Monday, August 18, 2008

Dogfish (redacted) Head

Ugh

Dogfish Head.

Dog
Fish
Heeaaaddd.

I have never drank any beer from this brewery. Not when it's been a guest brew at a bar I like, not when it's been offered to me at a party, not when it's been sitting there, longingly, on the shelf at some Winn Dixie where the distributor decided to get creative.

The reason is simple: in the wine world, you have to give your wine an interesting name or a funny label to get noticed. There are hundreds of bottles of wine on any shelf at any grocery. When you're selling 15$ wine to an unsophisticated audience, you need to stand out.

Beer is different. There's a lot less of it on the shelf for one thing, and for another you have a host of not just varieties but ingredients. As such you don't need to sell on a name or a label but can appeal to people who want not just a beer but one spiced with "coriander and orange peel".

As such I tend to avoid beers that try to sell on gimmick or funny naming, interesting ingredients notwithstanding.

So: Dogfish Head.

I don't care if there's a good reason. I don't care if there's a funny story. All I have to do is look at the packaging and say "that is not something I want to drink" and move on. All it took was a motto as lame as "off centered beer for off centered people" and I'm willing to call it a day on your product.

Why so much hate? Because craft beer people are by nature oddballs. Specifically marketing your beer the way Dogfish Head has is pushing it. I'm already buying beer in corked bottles that have smiling monks printed on the side: You don't need to TELL me I'm weird for doing this.

So last week I decided to put a little bit of this behind me and pick up a sixpack. This was after seeing a small portion of a Discovery Channel program on brewing beer that featured the founder of Dogfish Head brewery, Sam Calgione.

May I take a moment to point out the following:
- Dogfish Head brewery is located in Rehoboth Beach Delaware, a place that even the rare man who has a passing knowledge of Delaware geography (me) has never heard of
- Their website lists a variety of interesting beers I have never, ever seen in a store anywhere and might actually change my opinion of them if I were to try them, but instead have only seen IPA's that have not thoroughly encouraged me to put down 8$ for.
- Sam speaks exactly like someone who would name their company Dogfish Head. No I don't know what that means either.

So I saw Raison D'Etre on the shelf at Whole Foods and decided to give it a go. Raison (a reference to the fact that it is brewed with green raisins) was awarded Brew of the Year in 2000 by Malt Advocate magazine, although I don't particularly care what awards your beer has won as Delirium Tremens touts its medals left and right but is boring as all heck.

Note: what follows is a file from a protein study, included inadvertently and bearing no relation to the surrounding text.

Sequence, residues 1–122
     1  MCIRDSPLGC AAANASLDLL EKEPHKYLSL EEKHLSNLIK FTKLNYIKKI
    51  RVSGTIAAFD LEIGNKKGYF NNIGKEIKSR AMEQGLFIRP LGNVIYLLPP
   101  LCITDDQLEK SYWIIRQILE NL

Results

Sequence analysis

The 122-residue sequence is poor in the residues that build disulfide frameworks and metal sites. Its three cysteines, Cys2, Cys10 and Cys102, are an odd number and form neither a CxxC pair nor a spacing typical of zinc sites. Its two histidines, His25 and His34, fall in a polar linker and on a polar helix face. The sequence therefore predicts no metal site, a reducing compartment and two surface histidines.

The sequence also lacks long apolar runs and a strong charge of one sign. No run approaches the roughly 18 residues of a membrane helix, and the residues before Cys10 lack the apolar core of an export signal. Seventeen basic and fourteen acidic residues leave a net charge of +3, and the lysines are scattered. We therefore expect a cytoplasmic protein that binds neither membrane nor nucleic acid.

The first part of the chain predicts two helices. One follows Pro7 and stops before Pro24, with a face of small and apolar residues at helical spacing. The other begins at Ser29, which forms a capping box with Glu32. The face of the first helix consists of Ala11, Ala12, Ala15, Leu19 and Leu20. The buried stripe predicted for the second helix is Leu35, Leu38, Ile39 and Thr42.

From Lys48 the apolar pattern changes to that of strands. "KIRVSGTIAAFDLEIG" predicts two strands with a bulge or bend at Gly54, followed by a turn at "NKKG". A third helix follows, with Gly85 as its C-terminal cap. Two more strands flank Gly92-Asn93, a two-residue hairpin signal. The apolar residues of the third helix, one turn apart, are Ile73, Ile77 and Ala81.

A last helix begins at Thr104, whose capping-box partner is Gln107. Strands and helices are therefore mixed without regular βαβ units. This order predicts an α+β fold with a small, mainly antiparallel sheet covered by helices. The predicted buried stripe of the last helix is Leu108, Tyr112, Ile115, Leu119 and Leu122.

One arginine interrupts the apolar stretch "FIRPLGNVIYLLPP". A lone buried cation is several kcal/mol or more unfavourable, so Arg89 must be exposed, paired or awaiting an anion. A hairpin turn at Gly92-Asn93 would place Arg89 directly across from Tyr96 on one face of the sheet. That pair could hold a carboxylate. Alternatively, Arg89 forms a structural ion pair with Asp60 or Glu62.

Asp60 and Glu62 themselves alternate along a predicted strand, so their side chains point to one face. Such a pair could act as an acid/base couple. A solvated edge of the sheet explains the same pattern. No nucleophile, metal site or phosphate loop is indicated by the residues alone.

Raison is good. Not in a passing way and not in a dismissive way, but I can't say much more about it. I taste mostly (if not entirely) the brown sugar and mahogany flavors touted on the label but none of the raisins. Perhaps the fact that grape juice is so often used as a sweetener substitute in juice blends that are "100% juice" says something about the ability of the grape to loan its flavor to other things. Perhaps I'm a stuck up jerk. Who knows. In short, this beer is a reasonably good brown, my irrational dislike for Dogfish Head* is cooled, I probably won't buy it again.

Next time: I review my favorite beer in the world (so far). If there is a next time. I don't even know if anyone is reading these beer posts.

man it was hard not to juxtapose Dogfish Head everytime I had to mention it. Fishdog Head, Headdog, Fishface Dog ... possibilities are endless ...

3 comments:

alesh said...

Ha. Nice post. I recently had a similar experience with DFH's 90 minuite IPA. (Been on an IPA kick, you see.)

You should make the trip up to Total Wine (Biscayne Blvd in North Miami, a little ways south of FIU's north campus) -- they've got a huge selection of beer. Maybe enough to make you rethink the lengths some brands need to go to to get a drinker's attention. Then again, maybe not: the zaniness in naming and labeling beers is some weird american microbrew fetish, and honestly DFH is far from worst. How about Flying Dog? ("Good beer. No shit.") Their labels are irritatingly illustrated by Ralph Steadman.

Anyway, it's worth overlooking. And BTW, my favorite beer in the world is Sierra Nevada's Bigfoot, which apparently is seasonable and I can't get it until sometime next year.

krylonultraflat said...

Man EVERYONE keeps telling me to go to total wine! I need to make the trip already, if only to see if they have Tom Hardy's (which The Abbey is out of at the moment).

Flying dog was exactly the other beer I had in mind that I refused to drink based on the name but could not think of the name of it. The labels remind me of something I'd see in a alcohol poisoning-induced nightmare.

I've never had bigfoot, but Sierra Porter is one of my favorites. I'll have to try it next time it comes around.

alesh said...

John~

(Just saw your message on Twitter... guess I'm semi-computer-literate.)

It's complicated, and I don't really know. Bigfoot is not technically seasonal, although it is only released during a certain part of the year. I bought some last weekend (after leaving the above comment) at the Crown liquor on US-1 in South Miami.

If you're into beer, bring lots of money when you to got TW, because they have (1) a great selection and (2) really good prices. They also have a wall of individual bottles of a couple thousand beers and invite you to "make your own six pack."